Plans for aquatic center at arena raise interest at City Hall
By Paola Iuspa
Miami's city commissioners seem to welcome a proposal to put the money-losing Miami Arena in the hands of a developer who wants to convert the venue into an aquatic center for water shows and sports.
Zev Buffman, an entertainment industry developer, award-winning Broadway producer and former owner of the Miami Heat basketball team, has a concept for transforming the 13-year old arena into what he calls an "aquarena."
Although in the early stages, Mr. Buffman, now residing in California, said he would return next week to Miami to detail his proposal to city commissioners. He met independently about two weeks ago with a few elected officials and business leaders during a three-day trip to South Florida.
Converting the building would cost about $35 million, Mr. Buffman said. About 75% of the arena, which is owned and run by the city's Miami Exhibition & Sports Authority, could remain as is under the plan.
While he would run the venue, Mr. Buffman said he would lease it from the authority. The cost of the redevelopment could come from the authority by issuing bonds or from the developer who could assume the debt with the authority's backing, according to the proposal.
The arena - built in 1989 to be home to the Miami Heat and later to the National Hockey League's Florida Panthers - became deficit-laden when both team left for new facilities. The Heat moved in 2000 to the American Airlines Arena about five blocks to the east and the Panthers migrated in 1999 to Sunrise.
With a projected $900,000 deficit, the Park West venue now primarily hosts shows such as Disney on Ice, the Ringling Bros. and Barnum & Bailey Circus and University of Miami basketball, the latter of which will move next year to a new center on campus.
Polled about the aquatics center proposal during the past week, four of Miami's five city commissioners, plus Mayor Manny Diaz, said they are open to it as a new use for the arena.
Commissioner Arthur Teele Jr., an authority board member, said he "strongly" endorsed the proposal. But, he said, the authority, city and the county would have to be involved in the decision-making process.
"All he recommends is do-able," Mr. Teele said.
Under Mr. Buffman's plan, the 16,600 seats would be cut to 7,500. The basketball court would become an Olympic-sized pool surrounded by theater seating. Olympic swimmers, divers and gymnasts would present a Cirque du Soleil-inspired "musical quasi-circus" extravaganza, under Mr. Buffman's plans.
The pool floor would have hydraulic platforms so the venue still could be used for concerts, trade shows and other sports. Mr. Buffman said he would offer drowning prevention and other programs, including for disabled children in summer when the season slows.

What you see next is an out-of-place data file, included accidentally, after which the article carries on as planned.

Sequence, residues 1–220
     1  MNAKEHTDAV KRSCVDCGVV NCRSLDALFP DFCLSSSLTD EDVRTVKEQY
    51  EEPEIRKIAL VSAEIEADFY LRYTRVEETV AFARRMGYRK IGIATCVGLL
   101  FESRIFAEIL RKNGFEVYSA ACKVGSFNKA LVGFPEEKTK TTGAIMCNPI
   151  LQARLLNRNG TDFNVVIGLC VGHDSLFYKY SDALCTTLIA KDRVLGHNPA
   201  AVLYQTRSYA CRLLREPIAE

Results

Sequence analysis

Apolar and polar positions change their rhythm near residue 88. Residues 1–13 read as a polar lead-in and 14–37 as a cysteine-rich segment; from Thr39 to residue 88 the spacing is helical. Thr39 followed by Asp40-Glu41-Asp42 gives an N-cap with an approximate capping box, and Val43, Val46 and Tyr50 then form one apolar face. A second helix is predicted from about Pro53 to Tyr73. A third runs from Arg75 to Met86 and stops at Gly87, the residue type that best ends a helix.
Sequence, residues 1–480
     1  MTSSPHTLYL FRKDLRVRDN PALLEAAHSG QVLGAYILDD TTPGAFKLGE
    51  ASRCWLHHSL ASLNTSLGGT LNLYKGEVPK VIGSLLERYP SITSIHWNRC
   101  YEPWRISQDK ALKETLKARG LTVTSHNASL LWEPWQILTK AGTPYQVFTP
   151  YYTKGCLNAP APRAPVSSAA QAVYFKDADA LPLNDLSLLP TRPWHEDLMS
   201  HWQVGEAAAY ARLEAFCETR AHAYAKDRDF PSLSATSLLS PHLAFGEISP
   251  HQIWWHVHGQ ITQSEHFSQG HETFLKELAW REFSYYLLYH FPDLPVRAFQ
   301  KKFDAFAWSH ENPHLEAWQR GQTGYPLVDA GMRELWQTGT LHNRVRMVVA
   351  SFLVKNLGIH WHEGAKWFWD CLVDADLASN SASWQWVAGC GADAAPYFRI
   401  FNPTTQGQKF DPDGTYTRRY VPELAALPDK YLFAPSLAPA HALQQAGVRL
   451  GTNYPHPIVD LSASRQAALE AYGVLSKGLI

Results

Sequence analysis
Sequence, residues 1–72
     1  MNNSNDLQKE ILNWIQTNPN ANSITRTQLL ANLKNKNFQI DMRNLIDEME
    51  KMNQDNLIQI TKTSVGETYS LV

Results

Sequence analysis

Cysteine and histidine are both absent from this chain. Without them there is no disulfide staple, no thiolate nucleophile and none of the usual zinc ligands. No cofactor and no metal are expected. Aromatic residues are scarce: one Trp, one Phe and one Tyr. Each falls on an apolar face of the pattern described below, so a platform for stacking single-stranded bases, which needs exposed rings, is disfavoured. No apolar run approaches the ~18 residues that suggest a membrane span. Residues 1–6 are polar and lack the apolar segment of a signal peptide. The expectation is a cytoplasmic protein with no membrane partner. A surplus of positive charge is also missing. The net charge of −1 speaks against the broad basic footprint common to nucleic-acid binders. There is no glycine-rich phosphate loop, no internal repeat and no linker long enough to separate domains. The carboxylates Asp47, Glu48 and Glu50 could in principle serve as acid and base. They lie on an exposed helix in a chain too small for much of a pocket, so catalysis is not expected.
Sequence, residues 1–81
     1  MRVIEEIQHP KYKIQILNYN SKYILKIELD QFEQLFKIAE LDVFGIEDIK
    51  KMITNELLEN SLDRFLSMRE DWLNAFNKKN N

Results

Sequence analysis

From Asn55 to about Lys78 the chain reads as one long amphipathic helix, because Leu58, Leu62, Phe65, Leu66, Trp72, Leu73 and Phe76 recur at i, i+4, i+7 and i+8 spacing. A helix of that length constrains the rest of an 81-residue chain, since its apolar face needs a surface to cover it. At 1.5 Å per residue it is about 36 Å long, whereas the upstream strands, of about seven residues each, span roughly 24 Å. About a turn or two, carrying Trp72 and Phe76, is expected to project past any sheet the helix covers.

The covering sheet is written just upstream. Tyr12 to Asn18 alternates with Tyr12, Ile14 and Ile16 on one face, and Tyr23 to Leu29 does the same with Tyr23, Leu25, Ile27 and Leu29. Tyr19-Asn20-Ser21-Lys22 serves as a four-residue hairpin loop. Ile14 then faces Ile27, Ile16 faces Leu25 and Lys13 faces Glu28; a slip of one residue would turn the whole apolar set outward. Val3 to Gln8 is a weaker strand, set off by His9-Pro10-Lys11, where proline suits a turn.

Commissioner Johnny Winton, former vice chair of the sports authority, said he wants to hear more but is interested in the proposal because of Mr. Buffman's reputation.
The former Miami Beach resident bought the Coconut Grove Playhouse in 1962, restored it and sold it to the state in 1972. He also restored the Jackie Gleason Theater in 1976 and was an anchor tenant until 1989, when he sold his businesses in Florida and moved to Hollywood, CA.
And, Commissioner Joe Sanchez said he has no problem with Mr. Buffman reinventing the arena as long as "it is profitable to the city.
"We don't want to create another white elephant like the Metrorail that no one uses, the arena itself and the James L. Knight Center in downtown Miami."
The city-owned Knight Center is part of the downtown Hyatt Hotel complex, 400 SE Second St. The Knight auditorium is used often for small concerts and corporate meetings. The city spends about $2 million every year to run the venue.
Mayor Manny Diaz in past months has suggested selling or razing the arena to make room for new development. He said last week he welcomed Mr. Buffman's idea.
In an effort to reverse the arena's financial situation, the sports authority in March got rid of the company that was managing the arena, SMG, and took over the administration, including event bookings and advertising sales.
Ferey Kian, director of finance for the Miami Sports & Exhibition Authority, said his team was aiming at increasing the arena's use to at least three events weekly.
The problem, Commissioner Teele said, is that many of those events are community programs that tap city funds.
"The Miami Sports & Exhibition Authority," Mr. Teele said, "is costing taxpayers million of dollars a year. The city spent over $40,000 this past weekend for a Haitian award ceremony. We spent money in air-conditioning and other utilities. Do you want that to continue? There needs to be a limit to that."
Though not opposing the aquatic center plan, Commissioner Tomás Regalado, authority vice chair, said he would like to give Miami Sports & Exhibition Authority a year to turn things around before making a decision.
"We ought to give the authority an opportunity to prove they can fill the arena," Mr. Regalado said. "I am sure the arena could hold about 30 events yearly. We have enough people in our city to attend sports events, concerts and family shows" that are too small to fill the American Airlines Arena.